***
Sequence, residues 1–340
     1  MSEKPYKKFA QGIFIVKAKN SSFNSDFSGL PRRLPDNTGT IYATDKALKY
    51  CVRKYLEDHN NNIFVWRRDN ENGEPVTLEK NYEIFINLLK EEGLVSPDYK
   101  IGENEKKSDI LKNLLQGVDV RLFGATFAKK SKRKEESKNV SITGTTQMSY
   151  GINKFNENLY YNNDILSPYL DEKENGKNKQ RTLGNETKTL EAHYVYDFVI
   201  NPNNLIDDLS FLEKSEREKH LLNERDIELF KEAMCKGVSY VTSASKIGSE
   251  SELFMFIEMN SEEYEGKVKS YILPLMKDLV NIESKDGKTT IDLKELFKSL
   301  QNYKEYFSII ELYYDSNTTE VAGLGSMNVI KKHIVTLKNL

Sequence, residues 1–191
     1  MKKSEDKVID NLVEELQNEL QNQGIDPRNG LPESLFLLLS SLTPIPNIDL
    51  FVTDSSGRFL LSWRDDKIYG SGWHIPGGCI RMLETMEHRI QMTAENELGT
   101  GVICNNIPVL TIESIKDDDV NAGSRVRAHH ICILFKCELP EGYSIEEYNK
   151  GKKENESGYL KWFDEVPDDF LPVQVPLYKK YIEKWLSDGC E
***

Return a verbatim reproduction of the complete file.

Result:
Sequence, residues 1–340
     1  MSEKPYKKFA QGIFIVKAKN SSFNSDFSGL PRRLPDNTGT IYATDKALKY
    51  CVRKYLEDHN NNIFVWRRDN ENGEPVTLEK NYEIFINLLK EEGLVSPDYK
   101  IGENEKKSDI LKNLLQGVDV RLFGATFAKK SKRKEESKNV SITGTTQMSY
   151  GINKFNENLY YNNDILSPYL DEKENGKNKQ RTLGNETKTL EAHYVYDFVI
   201  NPNNLIDDLS FLEKSEREKH LLNERDIELF KEAMCKGVSY VTSASKIGSE
   251  SELFMFIEMN SEEYEGKVKS YILPLMKDLV NIESKDGKTT IDLKELFKSL
   301  QNYKEYFSII ELYYDSNTTE VAGLGSMNVI KKHIVTLKNL

Sequence, residues 1–191
     1  MKKSEDKVID NLVEELQNEL QNQGIDPRNG LPESLFLLLS SLTPIPNIDL
    51  FVTDSSGRFL LSWRDDKIYG SGWHIPGGCI RMLETMEHRI QMTAENELGT
   101  GVICNNIPVL TIESIKDDDV NAGSRVRAHH ICILFKCELP EGYSIEEYNK
   151  GKKENESGYL KWFDEVPDDF LPVQVPLYKK YIEKWLSDGC E